BAOA Demands Separate Regulatory Framework

Issue: 4 / 2014By R. Chandrakanth

The Business Aircraft Operator’s Association (BAOA ) has called for a separate regulatory framework for General Aviation (GA) to remove long prevailing bottlenecks for the sector to grow in India. While the BAOA is optimistic about the growth of the GA sector, it underscores the need for certain prerequisites for the sector’s revival. “There is an immediate need to address some of the issues adversely affecting operational efficiency of non-scheduled and private operators due to airlines specific regulations and circulars being applied to NSOP and private operators without considering the different environment and operating conditions of these aircraft. This has led to inhibiting growth potential of General Aviation and Business Aviation sector, besides negatively impacting job creation.” said Rohit Kapur, President, BAOA.

“BAOA ’s Executive Committee members recently met the Director General of Civil Aviation Dr. Prabhat Kumar and have been assured of immediate action for optimising growth of general and business aviation. We are looking forward to working together with DGCA to bring things back on track” said Group Captain (Retd) R.K. Bali, Secretary, BAOA . In 2013 as many as 19 business jets were sold by their Indian owners in overseas markets. In the same year, the addition to the Indian inventory was just three jets, indicating a negative growth for the first time. It had to come sooner than later as the general aviation industry continues to grapple with myriad of problems, most of it created by governmental policies or the lack of it.

Rohit Kapur said the business aviation industry had been ‘boxed into a situation’ of hard rock and the sea. And the government was just not listening to the various pleas of the industry, as it ‘perceived’ business aviation as ‘personal indulgence’ and ‘corporate excess’ despite business aviation being documented as a business tool and a critical enabler of economic development.

Though the number of general aviation aircraft had gone up from 11 in 2003 to 552 in 2013, the decline in the growth rate of the sector began in 2007 when the government introduced customs duty and did not address infrastructural issues. Data on the imports vs deregistration of business jets indicated the gradual downward slide. In 2010, the number of imports was 48 and deregistration was 20; in 2011 the ratio was 20:17; in 2012 it was 38:31; and in 2013 it was 3:19. Rohit Kapur said that with such trends, the BAOA which in 2012 had forecast that the business aviation segment would grow at 12.5 per cent now has more than halved it. In 2012, it had pegged the probable aircraft numbers at 1,793 by 2020 which as per 2014 projections is 922, down almost by half.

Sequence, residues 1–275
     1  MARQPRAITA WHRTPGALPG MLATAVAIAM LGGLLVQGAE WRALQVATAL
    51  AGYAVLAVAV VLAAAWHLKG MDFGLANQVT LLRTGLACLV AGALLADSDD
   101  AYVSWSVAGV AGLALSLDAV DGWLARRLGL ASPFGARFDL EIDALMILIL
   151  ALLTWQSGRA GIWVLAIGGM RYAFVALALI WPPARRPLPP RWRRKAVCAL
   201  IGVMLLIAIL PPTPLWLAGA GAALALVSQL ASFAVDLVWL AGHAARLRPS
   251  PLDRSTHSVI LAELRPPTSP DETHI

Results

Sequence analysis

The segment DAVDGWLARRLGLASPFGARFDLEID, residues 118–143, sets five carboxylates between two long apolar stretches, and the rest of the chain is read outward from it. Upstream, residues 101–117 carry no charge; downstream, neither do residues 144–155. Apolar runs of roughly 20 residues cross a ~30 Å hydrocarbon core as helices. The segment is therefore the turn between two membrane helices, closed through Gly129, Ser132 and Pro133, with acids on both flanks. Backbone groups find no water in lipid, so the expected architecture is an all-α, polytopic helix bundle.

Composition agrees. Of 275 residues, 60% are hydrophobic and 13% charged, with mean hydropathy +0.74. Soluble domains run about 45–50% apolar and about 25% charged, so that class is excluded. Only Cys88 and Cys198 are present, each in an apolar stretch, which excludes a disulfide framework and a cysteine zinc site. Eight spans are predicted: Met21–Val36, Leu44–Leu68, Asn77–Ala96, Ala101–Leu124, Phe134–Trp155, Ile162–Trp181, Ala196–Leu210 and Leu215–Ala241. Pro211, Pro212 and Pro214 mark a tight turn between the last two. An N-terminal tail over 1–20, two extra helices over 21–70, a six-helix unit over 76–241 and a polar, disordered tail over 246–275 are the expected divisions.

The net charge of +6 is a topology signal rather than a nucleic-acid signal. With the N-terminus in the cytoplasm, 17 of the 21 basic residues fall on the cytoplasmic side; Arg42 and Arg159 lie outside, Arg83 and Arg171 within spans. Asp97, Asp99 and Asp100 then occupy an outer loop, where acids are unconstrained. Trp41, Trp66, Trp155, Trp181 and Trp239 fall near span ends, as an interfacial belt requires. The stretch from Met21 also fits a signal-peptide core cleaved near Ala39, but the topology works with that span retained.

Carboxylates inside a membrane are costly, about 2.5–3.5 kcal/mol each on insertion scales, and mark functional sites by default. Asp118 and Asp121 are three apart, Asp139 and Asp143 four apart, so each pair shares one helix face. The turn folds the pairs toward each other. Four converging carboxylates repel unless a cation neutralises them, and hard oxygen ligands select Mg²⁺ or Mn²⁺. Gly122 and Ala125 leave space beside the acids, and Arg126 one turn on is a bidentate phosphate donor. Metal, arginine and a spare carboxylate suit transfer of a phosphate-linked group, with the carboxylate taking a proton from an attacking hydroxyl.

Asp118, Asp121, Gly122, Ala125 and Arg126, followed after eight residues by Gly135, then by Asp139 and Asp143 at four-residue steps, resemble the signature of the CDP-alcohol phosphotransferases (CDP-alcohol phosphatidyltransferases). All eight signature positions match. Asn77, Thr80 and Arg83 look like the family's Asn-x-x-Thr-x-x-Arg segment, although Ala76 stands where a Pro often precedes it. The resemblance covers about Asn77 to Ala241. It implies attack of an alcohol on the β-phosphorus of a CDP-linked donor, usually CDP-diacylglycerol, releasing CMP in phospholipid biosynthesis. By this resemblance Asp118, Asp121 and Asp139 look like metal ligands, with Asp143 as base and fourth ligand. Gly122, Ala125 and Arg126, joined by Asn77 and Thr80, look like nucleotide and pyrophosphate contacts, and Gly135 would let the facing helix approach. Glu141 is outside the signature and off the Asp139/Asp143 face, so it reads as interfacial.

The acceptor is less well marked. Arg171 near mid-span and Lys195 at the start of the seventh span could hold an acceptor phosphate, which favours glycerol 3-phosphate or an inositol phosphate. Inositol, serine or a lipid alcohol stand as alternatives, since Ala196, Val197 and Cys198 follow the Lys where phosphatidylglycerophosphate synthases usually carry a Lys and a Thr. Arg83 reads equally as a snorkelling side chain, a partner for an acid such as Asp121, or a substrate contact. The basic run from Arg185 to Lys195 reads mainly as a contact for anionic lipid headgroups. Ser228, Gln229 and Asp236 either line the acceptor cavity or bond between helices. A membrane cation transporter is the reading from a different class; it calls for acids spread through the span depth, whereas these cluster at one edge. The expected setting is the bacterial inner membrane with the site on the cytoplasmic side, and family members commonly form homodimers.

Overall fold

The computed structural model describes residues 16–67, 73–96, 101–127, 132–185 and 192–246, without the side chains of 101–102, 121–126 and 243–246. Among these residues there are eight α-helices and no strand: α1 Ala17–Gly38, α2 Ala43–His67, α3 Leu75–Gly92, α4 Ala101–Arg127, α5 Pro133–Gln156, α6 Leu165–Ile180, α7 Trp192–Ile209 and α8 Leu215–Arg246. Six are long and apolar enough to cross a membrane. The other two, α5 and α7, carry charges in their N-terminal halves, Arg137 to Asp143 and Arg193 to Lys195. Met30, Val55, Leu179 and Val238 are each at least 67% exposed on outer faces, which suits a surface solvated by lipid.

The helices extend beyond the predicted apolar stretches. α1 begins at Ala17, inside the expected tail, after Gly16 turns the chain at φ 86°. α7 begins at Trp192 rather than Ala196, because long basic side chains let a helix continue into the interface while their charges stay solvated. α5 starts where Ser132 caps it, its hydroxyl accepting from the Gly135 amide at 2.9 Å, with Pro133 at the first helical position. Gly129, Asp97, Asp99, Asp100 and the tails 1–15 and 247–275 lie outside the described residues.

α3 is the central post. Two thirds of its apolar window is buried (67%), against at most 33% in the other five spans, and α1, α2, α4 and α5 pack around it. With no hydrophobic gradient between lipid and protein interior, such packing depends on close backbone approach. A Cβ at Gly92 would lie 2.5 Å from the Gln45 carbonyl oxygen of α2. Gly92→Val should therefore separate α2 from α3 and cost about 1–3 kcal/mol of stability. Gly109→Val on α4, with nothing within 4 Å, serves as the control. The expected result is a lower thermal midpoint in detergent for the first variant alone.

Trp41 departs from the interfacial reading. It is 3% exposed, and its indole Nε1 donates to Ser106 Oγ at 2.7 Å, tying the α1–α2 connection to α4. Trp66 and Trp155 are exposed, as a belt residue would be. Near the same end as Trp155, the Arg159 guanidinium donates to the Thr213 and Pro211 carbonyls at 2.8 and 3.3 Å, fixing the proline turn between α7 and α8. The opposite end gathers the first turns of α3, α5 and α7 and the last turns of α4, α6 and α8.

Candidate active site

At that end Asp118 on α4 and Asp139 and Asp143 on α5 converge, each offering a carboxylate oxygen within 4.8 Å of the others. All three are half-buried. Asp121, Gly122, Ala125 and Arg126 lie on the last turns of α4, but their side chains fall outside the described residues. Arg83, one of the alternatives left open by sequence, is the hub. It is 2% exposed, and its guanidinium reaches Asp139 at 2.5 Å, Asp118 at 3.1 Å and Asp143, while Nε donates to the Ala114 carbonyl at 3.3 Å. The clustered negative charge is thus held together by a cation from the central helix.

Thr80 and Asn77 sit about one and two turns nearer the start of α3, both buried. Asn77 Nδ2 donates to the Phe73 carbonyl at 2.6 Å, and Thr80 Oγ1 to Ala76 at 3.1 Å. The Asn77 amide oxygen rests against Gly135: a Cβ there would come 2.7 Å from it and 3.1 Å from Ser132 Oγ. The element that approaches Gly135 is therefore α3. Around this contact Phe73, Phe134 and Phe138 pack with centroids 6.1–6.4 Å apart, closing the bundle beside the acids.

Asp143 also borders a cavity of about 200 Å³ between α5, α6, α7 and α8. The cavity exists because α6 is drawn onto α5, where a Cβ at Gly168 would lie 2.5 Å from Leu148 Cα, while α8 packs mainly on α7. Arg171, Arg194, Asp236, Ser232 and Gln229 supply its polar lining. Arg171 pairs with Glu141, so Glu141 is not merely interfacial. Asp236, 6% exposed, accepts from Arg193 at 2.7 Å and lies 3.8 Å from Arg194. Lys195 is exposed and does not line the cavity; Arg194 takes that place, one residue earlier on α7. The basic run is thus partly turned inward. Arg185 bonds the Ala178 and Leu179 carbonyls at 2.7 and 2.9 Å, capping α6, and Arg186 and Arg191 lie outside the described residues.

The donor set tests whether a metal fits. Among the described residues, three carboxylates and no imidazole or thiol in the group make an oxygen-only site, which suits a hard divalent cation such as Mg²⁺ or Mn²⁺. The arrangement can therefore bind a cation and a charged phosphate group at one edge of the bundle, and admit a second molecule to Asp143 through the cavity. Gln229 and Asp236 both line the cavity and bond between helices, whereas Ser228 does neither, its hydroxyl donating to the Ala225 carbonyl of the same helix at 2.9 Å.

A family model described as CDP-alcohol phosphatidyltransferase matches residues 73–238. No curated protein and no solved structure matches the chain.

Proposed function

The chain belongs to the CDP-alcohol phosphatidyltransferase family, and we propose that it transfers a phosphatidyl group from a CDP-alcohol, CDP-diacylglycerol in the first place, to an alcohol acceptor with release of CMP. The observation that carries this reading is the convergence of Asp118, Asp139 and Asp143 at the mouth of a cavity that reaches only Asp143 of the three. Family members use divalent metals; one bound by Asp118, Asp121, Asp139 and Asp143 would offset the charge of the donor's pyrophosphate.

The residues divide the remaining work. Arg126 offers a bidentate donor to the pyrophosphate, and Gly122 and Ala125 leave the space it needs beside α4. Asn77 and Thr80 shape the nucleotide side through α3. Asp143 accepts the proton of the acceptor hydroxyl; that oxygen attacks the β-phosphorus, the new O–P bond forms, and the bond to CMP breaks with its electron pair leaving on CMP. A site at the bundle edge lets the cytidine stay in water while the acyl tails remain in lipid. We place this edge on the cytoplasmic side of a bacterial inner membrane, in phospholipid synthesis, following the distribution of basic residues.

In 2006, the government differentiated the customs duty structure, imposing 26 per cent on private jet acquisitions and zero per cent on acquisitions by non-scheduled operators (NSOPs). In 2010, it revised it to 18 per cent for private jet purchases and 2.5 per cent for NSOPs. This differentiation has led to several anomalies. The government should rollback the duty if it has to promote general aviation, the Association has sought.


Rohit Kapur concurs that the single most challenge for the general aviation industry is that of ‘perception’ that it is ‘pure luxury’ and those in the government do not want to listen to the kind of economic benefits it has to offer to the country as a whole. The industry size is about $2 billion and it provides direct employment to 12,000 and given the right policies, it could grow these numbers and be part of economic enablement.